Emily from Wimi-fitness talking about training for a marathon when you are busy…
Ah, the marathon. It’s the 26-mile-long pinnacle of your achievement as a runner. Once you get serious about pounding the pavement, you won’t want to stop until you’ve got a few completed marathons under your belt… and then a few more.
But if you’re anything like me, you’ve got more than a few daily obligations to juggle. Between writing and editing WIMI Fitness’s blog, managing my career, and keeping up with athletics news, I barely have time to fit in my daily run. Some days, it just doesn’t happen. Even diehards like me need to skip a day now and then. That doesn’t mean that I can’t run a marathon, though, and no matter how busy you are, you can run one too.
Step 1: Don’t Give It Up
You ARE going to run this marathon. It’s written in stone. Plan on it, because it’s going to happen. Place it high in your mind as a landmark toward which you run whenever you train. When other people bug you with their priorities, remember that this landmark exists. Make time for it, because it’s not going anywhere.
When you begin to act as though the marathon is inevitable, everyone around you will, too. Certainly, it can’t dominate your life. Balance in all things is important and healthy. But your marathon can be significant. If an extra shift comes up at work, it’s OK to refrain from volunteering. You’ve done your duty and now you have to run. If your partner can pick your kids up from school, let them. Your kids are wonderful, but they’ll see you at dinner, and that marathon isn’t going anywhere. You’ve got to prepare before it arrives. Think of how proud and impressed your family, friends and coworkers will be when you cross that finish line.
Not for nothing, a family or group of friends who runs together often has a lot of fun together. One way to get ahead on that we-time while you keep up your training is to suggest running with friends instead of coffee. If they’re serious runners too, all the better. Accountability partners, as Amanda Brooks of Run to the Finish points out, can do a lot to help you stay on track.
Step 2: Lifestyle Adjustments Are Everything
Heba Hosny at the great blog Run Addicts points out that good health doesn’t just mean going to the gym. In fact, it’s just as important to get enough sleep and eat your green vegetables as it is to exercise. You can also fit little exercise cheats into your daily routine. Running up the stairs instead of taking the elevator can give you a big cumulative health boost if you do it every day for a year.
Even if you do fit in enough running time, remember that every candy bar or bowl of ice cream will set you back by days. It’s not just that these are fatty, high-calorie foods. Sugar is your enemy when it comes to training: it gives you nothing but a moment of gratification, and in return you get a sugar crash and a metabolism working too hard to get rid of the junk you just fed it.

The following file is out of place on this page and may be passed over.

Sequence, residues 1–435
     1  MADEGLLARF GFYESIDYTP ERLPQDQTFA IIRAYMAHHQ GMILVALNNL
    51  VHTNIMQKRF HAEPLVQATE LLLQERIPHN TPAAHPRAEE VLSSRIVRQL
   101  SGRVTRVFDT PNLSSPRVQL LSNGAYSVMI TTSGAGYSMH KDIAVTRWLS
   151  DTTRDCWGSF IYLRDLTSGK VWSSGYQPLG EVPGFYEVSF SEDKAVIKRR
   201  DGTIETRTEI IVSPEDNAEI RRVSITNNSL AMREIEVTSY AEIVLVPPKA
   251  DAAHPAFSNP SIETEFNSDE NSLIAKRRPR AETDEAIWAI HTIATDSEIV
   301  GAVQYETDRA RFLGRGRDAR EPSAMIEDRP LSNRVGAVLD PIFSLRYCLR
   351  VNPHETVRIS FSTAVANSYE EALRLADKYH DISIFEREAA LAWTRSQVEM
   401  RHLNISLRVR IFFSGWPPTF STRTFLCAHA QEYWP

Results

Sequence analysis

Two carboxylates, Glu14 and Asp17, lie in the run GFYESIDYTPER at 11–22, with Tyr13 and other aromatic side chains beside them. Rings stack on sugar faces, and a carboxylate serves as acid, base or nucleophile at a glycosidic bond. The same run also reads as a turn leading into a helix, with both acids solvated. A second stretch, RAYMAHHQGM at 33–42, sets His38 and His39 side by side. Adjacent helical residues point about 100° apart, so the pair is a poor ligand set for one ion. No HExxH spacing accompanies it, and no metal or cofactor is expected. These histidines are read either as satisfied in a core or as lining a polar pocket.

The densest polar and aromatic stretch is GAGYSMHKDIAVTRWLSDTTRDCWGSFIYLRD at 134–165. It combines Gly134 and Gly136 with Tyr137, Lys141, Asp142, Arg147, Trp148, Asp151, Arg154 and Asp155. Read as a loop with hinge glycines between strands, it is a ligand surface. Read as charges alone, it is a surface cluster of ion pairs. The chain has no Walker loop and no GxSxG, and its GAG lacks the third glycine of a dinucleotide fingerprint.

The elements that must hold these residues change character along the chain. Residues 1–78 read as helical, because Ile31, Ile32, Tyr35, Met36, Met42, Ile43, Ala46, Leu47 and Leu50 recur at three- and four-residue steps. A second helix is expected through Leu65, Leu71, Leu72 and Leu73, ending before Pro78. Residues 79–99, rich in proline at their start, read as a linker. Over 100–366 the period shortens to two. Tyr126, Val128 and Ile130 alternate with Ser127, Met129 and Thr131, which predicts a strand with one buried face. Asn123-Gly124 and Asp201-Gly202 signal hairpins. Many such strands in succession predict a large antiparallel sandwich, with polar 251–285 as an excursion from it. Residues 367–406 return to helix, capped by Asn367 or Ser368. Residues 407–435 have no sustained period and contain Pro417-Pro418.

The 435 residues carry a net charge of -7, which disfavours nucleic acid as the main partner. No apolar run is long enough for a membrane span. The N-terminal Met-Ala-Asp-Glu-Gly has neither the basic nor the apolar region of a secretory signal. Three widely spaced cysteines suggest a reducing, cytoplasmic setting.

Look at when you’re running, too. Getting up early in the morning might be a pain, but it’s one of the only places in your schedule where you have real flexibility. Try running before everyone else wakes up. As an added bonus, you’ll be extra-alert for the rest of your day.
Step 3: Train Intelligently
OK, so you’re doing both middle distance runs and speed runs. Good job! That’s how you should be training. But there are better ways to do that. As Amanda Loudin writes at Runners Connect, why not make your middle distance day your speed day, too? She’s got plenty of other good advice, too, especially if you’re going at your training in a disciplined way. For instance, she suggests combining two days of training into one, which I wholeheartedly support, and adding your runs to your week before all else. That’s a crucial factor to your success: running matters to you, therefore it is a priority. If you want to complete your marathon, your running needs to have top billing.
Step 4: Consider How Training Makes The Rest of Your Life Better
How long do you really think you’ll have the energy to keep up your pace if your level of fitness falls off? Sure, right now you can zoom around picking up kids with one hand as you write your blog and run the boardroom with the other, but the mere fact that you can do that is a testament to your physical endurance. It’s a monument the fact that you’ve taken the time to take care of yourself first.
But in the end, that’s the real reason we run, isn’t it? It makes us feel good. It makes the rest of our lives healthier, happier, longer and stronger. No matter what other obligations reside on your shoulders, your marathon is a priority for YOU. And YOU are important, too. Your family and coworkers see the benefits of a fit and happy you all the time. Make space for your own running zen and train your heart out. This is something that you earn every day.
You won’t just run this marathon: you’ll rule this marathon. Just keep putting one foot in front of the other and you’ll cross that finish line in great time, regardless of how busy the rest of your schedule is. You’ll find the time to train and, like thousands of other marathoners around the world, you’ll master the demands of daily life the same way you’ve mastered your physical health. Whether you’re juggling kids, work and training, or you’re in school, or you’re just flush with responsibility, you deserve a good race. You’re worth putting the time in on yourself. If I can do it, so can you.